Last Thursday First Lady Michelle Obama delivered an emotional rebuke to Republican Party nominee Donald Trump after sexually aggressive comments he made in 2005 surfaced on an open-mic Access Hollywood video.  The week following the tape’s release nine women came forward telling of incidents with Mr. Trump that mirrored the behavior he bragged about 11 years before.

Mr. Trump has vehemently denied his accuser’s allegations, said his 2005 comments were just “locker room talk”, and then called the uproar that followed part of a sinister news media led conspiracy meant to take down his insurgent presidential bid.  His rabid followers began sharpening pitchforks and re-tarring their torches, but many on both sides of the aisle were deeply offended by the grabber in chief’s words, denials, and conclusions.

First Lady Michelle Obama‘s voice broke several times during the speech she delivered in New Hampshire as she categorized Mr. Trump’s conversation with Billy Bush in 2005 as “hurtful, hateful language.”

“Language that has been painful for so many of us,” she continued. “Not just as women, but as parents trying to protect our children and raise them to be caring, respectful adults. And as citizens who think our nation’s leaders should meet basic standards of human decency…It has shaken me to my core in a way that I couldn’t have predicted.”

There is no doubt the First Lady was deeply troubled by Citizen Trump, as she probably has been since he first championed the Birther issue that questioned her husband’s legitimacy as president. But while it is easy to puncture the gilded pomposity of a man born of great wealth but an equal dearth of couth, perhaps Mrs. Obama knows now how the right-to-life movement feels about abortion and what it represents to their closely held beliefs.  Is it happenstance alone that the coarsening of American culture has coincided, not just with the emergence of a man like Trump, but with the Roe  v. Wade decision in 1973 (not to mention Watergate and the Vietnam War)?

So let’s all open our eyes and look around. There is more than one point of view. And if you are talking about equivalency, there are many who (evidently) would still take a loud-mouth lout who pushes himself on women, but who represents fundamental political change, over a status-quo candidate who “dissembles on an Olympian level”, “condones infanticide”, and enables her husband to push himself on women, too, all while serving as poster girl for the same/old, same/old. Continue reading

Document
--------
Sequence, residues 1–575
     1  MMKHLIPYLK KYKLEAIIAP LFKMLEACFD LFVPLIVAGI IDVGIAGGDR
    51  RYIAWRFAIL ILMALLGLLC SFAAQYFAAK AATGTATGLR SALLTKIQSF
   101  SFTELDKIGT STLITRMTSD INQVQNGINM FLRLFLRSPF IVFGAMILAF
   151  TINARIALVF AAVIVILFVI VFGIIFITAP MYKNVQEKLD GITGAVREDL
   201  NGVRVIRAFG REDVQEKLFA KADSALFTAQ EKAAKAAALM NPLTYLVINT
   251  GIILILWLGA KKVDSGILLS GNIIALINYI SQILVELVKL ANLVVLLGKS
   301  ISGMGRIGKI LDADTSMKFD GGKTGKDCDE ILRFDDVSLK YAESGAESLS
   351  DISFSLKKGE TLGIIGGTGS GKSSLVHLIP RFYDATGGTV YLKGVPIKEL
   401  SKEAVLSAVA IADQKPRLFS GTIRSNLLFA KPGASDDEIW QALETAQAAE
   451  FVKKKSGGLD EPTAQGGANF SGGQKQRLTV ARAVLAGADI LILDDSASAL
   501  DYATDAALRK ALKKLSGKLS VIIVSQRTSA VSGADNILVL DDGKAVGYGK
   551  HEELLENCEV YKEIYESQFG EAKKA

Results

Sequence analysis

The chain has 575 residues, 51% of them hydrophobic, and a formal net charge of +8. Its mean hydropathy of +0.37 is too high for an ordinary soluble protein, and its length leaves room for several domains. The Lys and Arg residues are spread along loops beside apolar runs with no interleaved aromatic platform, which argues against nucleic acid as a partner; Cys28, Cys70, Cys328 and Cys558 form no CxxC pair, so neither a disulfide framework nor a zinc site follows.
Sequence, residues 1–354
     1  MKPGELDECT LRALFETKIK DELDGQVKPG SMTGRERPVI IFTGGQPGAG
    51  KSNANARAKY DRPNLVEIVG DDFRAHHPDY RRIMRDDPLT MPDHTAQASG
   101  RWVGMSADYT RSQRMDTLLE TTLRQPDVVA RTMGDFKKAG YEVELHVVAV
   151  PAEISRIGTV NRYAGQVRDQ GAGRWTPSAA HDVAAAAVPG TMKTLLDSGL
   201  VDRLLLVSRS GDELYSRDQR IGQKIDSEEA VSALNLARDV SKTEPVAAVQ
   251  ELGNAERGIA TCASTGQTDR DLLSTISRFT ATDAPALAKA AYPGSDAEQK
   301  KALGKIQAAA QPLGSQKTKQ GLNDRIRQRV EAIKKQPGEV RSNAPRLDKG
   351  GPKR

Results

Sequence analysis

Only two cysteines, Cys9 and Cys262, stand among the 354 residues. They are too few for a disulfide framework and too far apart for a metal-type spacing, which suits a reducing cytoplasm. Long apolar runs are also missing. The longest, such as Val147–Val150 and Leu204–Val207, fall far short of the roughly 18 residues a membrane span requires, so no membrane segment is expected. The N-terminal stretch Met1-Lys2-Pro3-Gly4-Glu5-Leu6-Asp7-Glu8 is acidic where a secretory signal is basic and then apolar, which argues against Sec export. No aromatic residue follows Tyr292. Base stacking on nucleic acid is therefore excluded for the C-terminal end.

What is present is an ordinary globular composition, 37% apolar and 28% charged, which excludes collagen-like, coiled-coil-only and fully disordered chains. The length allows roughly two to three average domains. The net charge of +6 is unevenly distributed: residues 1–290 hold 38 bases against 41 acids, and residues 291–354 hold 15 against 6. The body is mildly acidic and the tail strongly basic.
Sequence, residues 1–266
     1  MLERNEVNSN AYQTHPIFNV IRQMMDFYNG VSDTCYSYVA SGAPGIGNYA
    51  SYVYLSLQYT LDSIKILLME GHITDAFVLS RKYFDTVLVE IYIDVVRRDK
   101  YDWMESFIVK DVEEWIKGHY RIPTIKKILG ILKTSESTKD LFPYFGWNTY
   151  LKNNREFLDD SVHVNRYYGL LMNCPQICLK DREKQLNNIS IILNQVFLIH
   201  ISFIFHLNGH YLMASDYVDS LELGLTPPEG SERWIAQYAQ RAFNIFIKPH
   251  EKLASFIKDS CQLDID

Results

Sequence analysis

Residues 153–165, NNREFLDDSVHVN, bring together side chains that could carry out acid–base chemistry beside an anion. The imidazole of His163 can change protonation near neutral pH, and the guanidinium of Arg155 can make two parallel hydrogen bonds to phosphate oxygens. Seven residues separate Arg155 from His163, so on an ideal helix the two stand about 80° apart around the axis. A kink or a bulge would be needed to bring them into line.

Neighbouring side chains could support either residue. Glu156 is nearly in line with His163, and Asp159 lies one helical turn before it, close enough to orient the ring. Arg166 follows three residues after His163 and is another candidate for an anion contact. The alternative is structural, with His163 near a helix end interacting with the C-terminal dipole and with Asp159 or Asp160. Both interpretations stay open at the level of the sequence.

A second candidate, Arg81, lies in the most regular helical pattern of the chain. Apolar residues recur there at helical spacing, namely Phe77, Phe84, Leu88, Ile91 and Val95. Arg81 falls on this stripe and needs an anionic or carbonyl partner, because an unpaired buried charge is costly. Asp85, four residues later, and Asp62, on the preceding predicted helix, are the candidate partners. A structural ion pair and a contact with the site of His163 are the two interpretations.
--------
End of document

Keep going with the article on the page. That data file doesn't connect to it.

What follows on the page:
Following this weekend’s U.S. Olympic Marathon Trials in Houston, Texas will be the annual Running USA conference set for January 15-17 at the Hyatt Regency Houston. This year’s conference theme is Passing the Torch: Running Toward the Future. The special guest speaker at Monday’s Ashworth Youth Awards Luncheon will be Shellie Pfohl – Executive Director of President’s Council on Fitness, Sports and Nutrition.

As Running USA is currently fashioning its own Youth Initiative, it might be instructive to look back at the history of the President’s Council on Physical Fitness, Sports and Nutrition as it relates to Running USA’s  Running Toward the Future efforts.

After a report raised concerns about the physical fitness of America’s children relative to their European counterparts in the early 1950s, it was President Dwight Eisenhower (not JFK as many believe) who created the President’s Council on Youth Fitness, and confirmed it via cabinet-level status. The Executive Order specified “one” objective as the first Council identified itself as a “catalytic agent” concentrating on creating public awareness. And guess who was the first chairman of the Council? None other than Vice President Richard M. Nixon! Certainly not the man anyone would think of first when fitness comes to mind.

Notwithstanding, a plan of action was developed at the U.S. Military Academy at West Point in 1957, and the first nationwide pilot study of 8,500 boys and girls ages 5 thru 12 resulted in the first national testing program which many of us who are old enough remember quite well. Continue reading



      According to the blog Health Affairs, Michelle Obama’s Let’s Move anti-obesity campaign has become increasingly imbalanced since its launch in February 2010, with exercise losing its standing when compared to dietary considerations – Michelle Obama’s ‘Let’s Move’ Is Losing Its Footing. 

     The key finding, as pointed out by Running USA’s Ryan Lamppa, is that “as the program evolved, the focus turned to caloric intake and not expenditure.”  In studying the coverage of the Let’s Move program, Health Affairs was “unable to find much evidence about implementing the exercise parts of the Let’s Move initiative. This is particularly relevant because of the scaling back and cancellation of physical education classes due to budget cuts.”

     Health Affairs points out that in 2006, only 3.8 percent of elementary schools, 7.9 percent of middle schools, and 2.1 percent of high schools provided the minimum level of weekly physical activity as recommended by the National Association for Sport and Physical Education (150 minutes per week for elementary-school-aged children and 225 minutes per week for middle and high school students). Continue reading